记者:是不是你觉得您的江湖地位你觉得可以不要那么多顾忌?

李永波:有的时候会钻一点空子,就会觉得他们不会对我怎么样,要是其他教练他们肯定不允许的,//我这边他们最多笑一笑,//确实资格很老。

记者:所以有一部分人会认为你这么做是非常捍卫自己球队和自己球员的利益,很感动,也有人觉得这样做,会比较蛮横,比较跋扈,你怎么讲?

李永波:如果是因为跋扈了一点,蛮横了一点,但是确实对我的队员能够起到促进的作用,我宁可这样做。///竟技场上呢,因为金牌是唯一的标准。

记者:唯一的?

李永波:唯一的。

PART2

解说:在成为中国羽毛球队总教练之前,李永波是一位出色的羽毛球运动员,曾经获得多项世界冠军。他和田秉义组合的男子双打,曾经在上个世纪八十年代维持在世界顶尖水平长达六七年之久。他个性很强,打得不如意时,会在场上摔拍子,冲裁判和队友叫嚷,因为成绩好,没有受过处罚。作为运动员,这种个性,反映在大赛中,有求胜的渴望和坚强的意志,1992年,羽毛球成为奥运会正式比赛项目,李永波退役前最后一场比赛,但首场比赛即意外受伤,之后他带伤上阵和田秉毅一路坚持拼到半决赛,最后获得一枚铜牌。

记者:你自己如果说明知道说夺金无望,而且对身体会造成伤害,为什么还要这么玩命?

李永波:受伤了,坚持了,就算断了你也会坚持去打,就算明知道说下一场球可能会断掉,也不会放弃,就是想反正是最后一个比赛了。我觉得我就是能豁得出去的,到了最关键的时候。

记者:你豁得出去是为了得到什么?

李永波:荣誉吧,我想是荣誉。

解说:李永波带伤拼回来的一块铜牌,当时已经是中国羽毛球队男队最好成绩,也是唯一的一块铜牌。但他说,拿了铜牌回来的他,没有人理会。

记者:没有人把这个当回事?

李永波:因为在之前的时候,我受伤,然后坚持,每一天的代表团的会议当中,都会反复的把我的这个精神这种精神,当成一种教材在这个会议上,总结会,小结会上来说,可当我比赛结束拿一块铜牌的时候,再也没有人提到这件事情了,我觉得绝对是非常非常大的悲哀,实际上那种情况下,对我是一种打击。

记者:这个打击是什么?

李永波:很不是滋味对一个人来讲,就是说有一点太现实,有一点太残酷。所以说当比赛结束,回来的时候,我们都是一瘸一拐的回来的//不再有人问你什么,你会有时候会说到底为了什么,有的时候自己会去想,///你只有站在冠军领奖台上那一天才算成功,只要没拿冠军永远是失败的,总是在输。

解说:1993年,31岁的李永波在众多老教练的推荐下,从恩师王文教手中接过国家队教鞭,成为了中国羽毛球队的领军人物。上任后,他加强队伍管理,引进新鲜血液,组织新的教练班子,进行了一系列改革,一年后1994年的广岛亚运会上,李永波带领的中国羽毛球队获得七枚铜牌,但被当时的舆论称为破铜烂铁。

记者:这就是公开的评价?

李永波:对,7块就是一堆破铜烂铁

记者:那破铜烂铁给你的刺激是什么?

李永波:必须承受啊,憋足了劲再来,只有这样。

解说:那一年,处境不好的李永波,冬天想把队员的木头窗户换成铝合金,好抵御些寒风,但他说那时一分钱都没有。对金牌的渴望,支撑着中国羽毛球队卧薪尝胆。

(李:巴塞罗那我们一块金牌也没拿到,96年的亚特兰大奥运会,我希望至少拿到一块金牌)

亚特兰大奥运会,比赛前夜,李永波失眠。

李永波:一直睡不着,就一直在想所有的结果,赢了会怎么怎么样,输了会怎么怎么样。

记者:那块金牌对当时的你来说意味着什么呢?

李永波:金牌看起来不大,领奖那一刻时间也很短,但它带来的东西太大了,巨大,所以你能想有多大就有多大。

记者:它会带来什么?

李永波:第一,从我们来讲金牌带来的说你对整个工作的肯定//其次它更重要一点,说明你所制定的这些训练体系,管理体系,等等等等的一切是合理的,///后人会沿着这条路不断的去发展,如果你拿不到金牌,就会带来更多的东西,对你所有的工作会置疑,你自己会怀疑,运动员会怀疑,外界也会怀疑,同行也会怀疑,人就怕犹豫。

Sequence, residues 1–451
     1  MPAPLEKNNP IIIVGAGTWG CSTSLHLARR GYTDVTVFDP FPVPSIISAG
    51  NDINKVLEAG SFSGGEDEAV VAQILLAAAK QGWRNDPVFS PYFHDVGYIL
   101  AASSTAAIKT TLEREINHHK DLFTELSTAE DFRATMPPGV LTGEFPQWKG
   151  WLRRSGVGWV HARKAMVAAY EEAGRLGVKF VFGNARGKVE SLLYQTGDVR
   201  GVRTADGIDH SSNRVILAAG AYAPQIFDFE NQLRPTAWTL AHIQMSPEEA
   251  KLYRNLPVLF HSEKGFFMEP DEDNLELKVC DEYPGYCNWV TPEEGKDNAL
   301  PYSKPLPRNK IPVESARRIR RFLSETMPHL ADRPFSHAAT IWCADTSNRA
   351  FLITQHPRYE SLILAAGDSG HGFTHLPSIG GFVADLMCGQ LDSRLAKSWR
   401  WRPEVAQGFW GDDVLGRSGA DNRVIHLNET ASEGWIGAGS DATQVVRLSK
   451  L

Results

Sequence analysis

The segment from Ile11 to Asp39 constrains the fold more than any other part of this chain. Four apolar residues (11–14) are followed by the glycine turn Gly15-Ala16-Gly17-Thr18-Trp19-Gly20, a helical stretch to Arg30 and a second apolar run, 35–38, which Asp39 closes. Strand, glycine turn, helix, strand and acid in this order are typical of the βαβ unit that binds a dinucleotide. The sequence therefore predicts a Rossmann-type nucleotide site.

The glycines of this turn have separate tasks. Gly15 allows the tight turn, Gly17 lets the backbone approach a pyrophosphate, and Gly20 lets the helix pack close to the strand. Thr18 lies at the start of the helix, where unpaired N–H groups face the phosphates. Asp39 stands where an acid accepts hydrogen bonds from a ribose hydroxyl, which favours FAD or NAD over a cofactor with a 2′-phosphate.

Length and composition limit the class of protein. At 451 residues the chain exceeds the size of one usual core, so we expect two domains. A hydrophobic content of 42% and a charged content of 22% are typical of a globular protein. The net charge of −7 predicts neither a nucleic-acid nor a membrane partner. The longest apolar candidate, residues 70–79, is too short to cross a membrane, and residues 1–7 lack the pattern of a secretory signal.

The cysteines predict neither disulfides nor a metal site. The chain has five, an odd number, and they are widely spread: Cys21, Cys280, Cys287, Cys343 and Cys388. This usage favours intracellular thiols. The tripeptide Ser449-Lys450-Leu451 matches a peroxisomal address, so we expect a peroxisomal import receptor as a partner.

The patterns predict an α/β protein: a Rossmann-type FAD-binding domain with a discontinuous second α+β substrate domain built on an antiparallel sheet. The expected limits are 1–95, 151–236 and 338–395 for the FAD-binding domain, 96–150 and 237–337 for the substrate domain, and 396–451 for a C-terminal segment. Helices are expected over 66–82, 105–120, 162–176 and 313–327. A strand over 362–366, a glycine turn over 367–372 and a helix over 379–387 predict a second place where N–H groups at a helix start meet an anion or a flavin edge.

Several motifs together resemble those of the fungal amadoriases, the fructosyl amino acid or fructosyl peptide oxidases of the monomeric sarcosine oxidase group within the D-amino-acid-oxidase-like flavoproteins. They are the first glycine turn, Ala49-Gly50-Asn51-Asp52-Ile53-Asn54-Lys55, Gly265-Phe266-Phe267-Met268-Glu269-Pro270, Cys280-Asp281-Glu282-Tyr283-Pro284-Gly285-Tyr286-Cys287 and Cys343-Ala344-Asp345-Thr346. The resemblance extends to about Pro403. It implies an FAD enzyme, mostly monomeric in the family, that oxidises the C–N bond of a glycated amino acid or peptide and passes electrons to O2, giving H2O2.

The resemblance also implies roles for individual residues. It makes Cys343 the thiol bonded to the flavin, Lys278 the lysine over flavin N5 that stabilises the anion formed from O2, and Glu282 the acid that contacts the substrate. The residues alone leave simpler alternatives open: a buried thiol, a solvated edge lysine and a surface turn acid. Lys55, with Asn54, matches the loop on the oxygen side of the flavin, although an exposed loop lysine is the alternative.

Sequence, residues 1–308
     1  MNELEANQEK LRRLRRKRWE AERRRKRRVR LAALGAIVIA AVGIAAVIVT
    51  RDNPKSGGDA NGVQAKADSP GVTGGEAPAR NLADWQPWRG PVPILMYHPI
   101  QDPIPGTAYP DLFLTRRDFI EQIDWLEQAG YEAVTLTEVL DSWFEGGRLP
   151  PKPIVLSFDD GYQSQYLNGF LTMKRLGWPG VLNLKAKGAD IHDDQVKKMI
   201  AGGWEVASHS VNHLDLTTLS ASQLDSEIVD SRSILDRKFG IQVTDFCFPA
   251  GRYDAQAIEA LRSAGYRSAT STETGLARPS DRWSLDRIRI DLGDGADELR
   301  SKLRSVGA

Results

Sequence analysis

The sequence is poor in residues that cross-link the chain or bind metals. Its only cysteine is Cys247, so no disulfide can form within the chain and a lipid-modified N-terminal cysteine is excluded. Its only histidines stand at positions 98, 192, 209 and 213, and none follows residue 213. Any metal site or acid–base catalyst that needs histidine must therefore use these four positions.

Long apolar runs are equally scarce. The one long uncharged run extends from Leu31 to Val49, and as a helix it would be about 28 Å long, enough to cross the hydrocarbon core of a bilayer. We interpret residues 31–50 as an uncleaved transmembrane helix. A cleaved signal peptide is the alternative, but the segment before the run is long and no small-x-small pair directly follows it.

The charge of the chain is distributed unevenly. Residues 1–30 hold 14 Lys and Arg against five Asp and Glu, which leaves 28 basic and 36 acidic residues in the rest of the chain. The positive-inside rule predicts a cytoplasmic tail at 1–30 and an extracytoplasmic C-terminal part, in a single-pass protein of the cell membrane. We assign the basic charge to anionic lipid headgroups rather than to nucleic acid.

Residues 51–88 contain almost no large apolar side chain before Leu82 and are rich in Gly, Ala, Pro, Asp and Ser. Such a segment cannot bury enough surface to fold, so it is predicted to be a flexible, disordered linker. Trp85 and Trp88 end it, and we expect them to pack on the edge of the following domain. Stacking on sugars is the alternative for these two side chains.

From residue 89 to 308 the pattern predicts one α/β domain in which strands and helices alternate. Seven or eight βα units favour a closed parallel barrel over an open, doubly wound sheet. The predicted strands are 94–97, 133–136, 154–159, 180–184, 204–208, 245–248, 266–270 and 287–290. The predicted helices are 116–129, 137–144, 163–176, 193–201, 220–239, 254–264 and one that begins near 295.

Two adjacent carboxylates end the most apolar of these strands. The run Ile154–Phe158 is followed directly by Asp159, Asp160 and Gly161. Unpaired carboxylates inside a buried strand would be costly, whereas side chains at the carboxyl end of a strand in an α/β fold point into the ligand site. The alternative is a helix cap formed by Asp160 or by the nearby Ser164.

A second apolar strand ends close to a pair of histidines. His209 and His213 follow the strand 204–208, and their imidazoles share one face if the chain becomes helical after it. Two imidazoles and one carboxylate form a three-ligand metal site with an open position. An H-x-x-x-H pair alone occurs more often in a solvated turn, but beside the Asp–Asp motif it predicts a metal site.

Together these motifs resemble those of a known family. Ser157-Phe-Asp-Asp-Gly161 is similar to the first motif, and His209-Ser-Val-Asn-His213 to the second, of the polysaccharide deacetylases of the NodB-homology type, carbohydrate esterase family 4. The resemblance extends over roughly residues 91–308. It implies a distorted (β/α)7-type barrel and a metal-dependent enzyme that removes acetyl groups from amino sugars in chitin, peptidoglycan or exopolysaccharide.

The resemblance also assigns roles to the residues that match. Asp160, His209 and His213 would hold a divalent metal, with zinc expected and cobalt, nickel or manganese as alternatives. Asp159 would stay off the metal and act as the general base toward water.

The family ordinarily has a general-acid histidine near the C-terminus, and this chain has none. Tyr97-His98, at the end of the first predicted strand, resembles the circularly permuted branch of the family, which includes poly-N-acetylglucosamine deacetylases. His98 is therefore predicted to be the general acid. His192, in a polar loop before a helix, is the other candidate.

记者:犹豫怎么了?

李永波:犹豫你找不到,你总感觉对与不对你就找不到正确的方向,你要消耗掉很多的时间,你会走很多的弯路。

解说:这次奥运会,葛菲顾俊的双打为球队实现了金牌零的突破,这天之后李永波有两天时间兴奋地没有睡觉,这一次是因为奥运金牌的滋味。

记者:你之前也曾经承受过,很长时间的各种各样的怀疑,包括冷落,在那个时候认可会以什么方式来到呢?

李永波:在我们的生活体系里,非常的明显,不象普通人。当你打的不好的时候,人家看你是一种什么表情你会很清楚,当你打好的时候,人家又是一种灿烂的笑容面对你的时候,太直接了,对心灵的碰撞太直接太直接了,我从小就是看着别人的脸色成长起来的。

李永波:我相信这个世界上没有多少人,已经更不可能有了,就是你坐到那里心脏已经到心里了,然后就到嘴里了,然后又把它咽下去了// 就在瞬间一秒钟的时候,心脏就含在嘴里,就等于这个心脏要从嘴里跳出来,然后又把它一下咽下去了,一秒钟之内,我最少不下10次。

(竞技 狂热 成功 失败 )

解说:摘金之路从此展开,李永波说,年青的羽毛球队需要更多的胜利才能证明自己。2000年悉尼奥运,羽毛球女单半决赛,丹麦选手马丁率先晋级决赛;另一场半决赛在中国选手叶钊颖和龚智超两人之间展开。因为龚智超对马丁有更大优势,教练组讨论之后,叶钊颖让球,将龚智超送上女单决赛舞台,最终,龚智超战胜马丁拿下冠军,而叶钊颖获得铜牌。四年后雅典奥运会,这个情节再次上演。在过往采访中,李永波曾公开承认,让球事件确有其事。

影像:资料

李永波:确实,每个运动员都很难接受让球,当时叶钊颖也哭了,不愿意放弃,最后她还是哭着说尊重队伍的选择。”

柴静:这两个人都是为了打这场比赛,等了四年,练了四年,让后到现在说因为要一个更高的集体荣誉,所以我要退下来,这对他们来讲公平吗?

李永波:肯定是不公平,但是有一个前提,她的状态已经不是顶峰了,夺取冠军的概率已经很小了。

记者:所以你的意思是?

李永波:所以在那一刻呢,他对马丁输多胜少,就是因为你已经在退下坡路,拿冠军的可能性很小,但是我们是需要冠军升国旗奏国歌的,是这样的一种情况。她也同意了。

解说:这场球对叶钊颖来说,是她职业生涯夺取奥运冠军的最后机会,也是她四年前对自己的承诺:

(四年前资料:叶钊颖“(夺取冠军)我还有机会,4年后,我26岁,年龄还不是很大”)

(让球输了后,叶钊颖脸上的表情)

记者:她也哭了不是吗?

李永波:我也会哭啊,赢了也有哭的吗,不很多人赢了也哭了

记者:是一种释放,或者是一种百感交集的,她是为什么呢?

李永波:我不知道,因为没有太多的沟通。

记者:他的心态会不会像1992年的你,在自己退役的一战里面,她会拼尽全力?

李永波:当然我想她是这样,应该是这样//但它人就是这样,所有的事情不可能以自己的意志为转移,你在这个集体当中,你还是要有为集体风险的精神,我是这么想的。中国人自相残杀,傻啊?

记者:可能有自己的想法这不叫自相残杀?

李永波:负责任是吗?这就是不同的角度,你还可以把它上升到理论,上升到道德和体育精神,还可以上升到这里。

记者:其实这是她的感受。

李:是,她的想法我很尊重,(应该)尽可能的做到不要让人家留下遗憾。

解说: 2004年,李永波提出了“要培养一百个世界冠军”的目标。2008年北京奥运会,中国羽毛球队包揽五金的呼声达到最高,但那一年,最后三枚金牌的战绩,让李永波未能梦想成真。在今年伦敦奥运会前,李永波曾经说:“我觉得这次外界给我们的压力远远大于任何一届,甚于2008年。人们不看过程只看结果,结果是上去了就下不来了。”他生活在对金牌的巨大渴望与压力之下,甚至在公开场合表示,希望没有奥运会就好了,羽毛球可以成为更民间、更健康的运动,让人们单纯享受每一拍的乐趣。

李永波:说你打到第三名,你打到第四名,你打的非常的艰苦,你非常努力,体现出奥林匹克精神,体育精神,淋漓尽致,谁看到了,那些小孩子知道吗?不知道。他看什么,他喜不喜欢羽毛球,他看你能不能拿冠军,我体会特别深,我的儿子打羽毛球就是因为这一点,13岁那一天,在首都机场他来接,我们夺取了汤姆斯杯,//他在机场的时候一看,怎么那么记者,那么多人找林丹,找鲍春来…照相,他回来跟我讲,爸爸我要打羽毛球,就是这么简单其实,就这么一件事,就这一件荣誉,它可以影响很多人。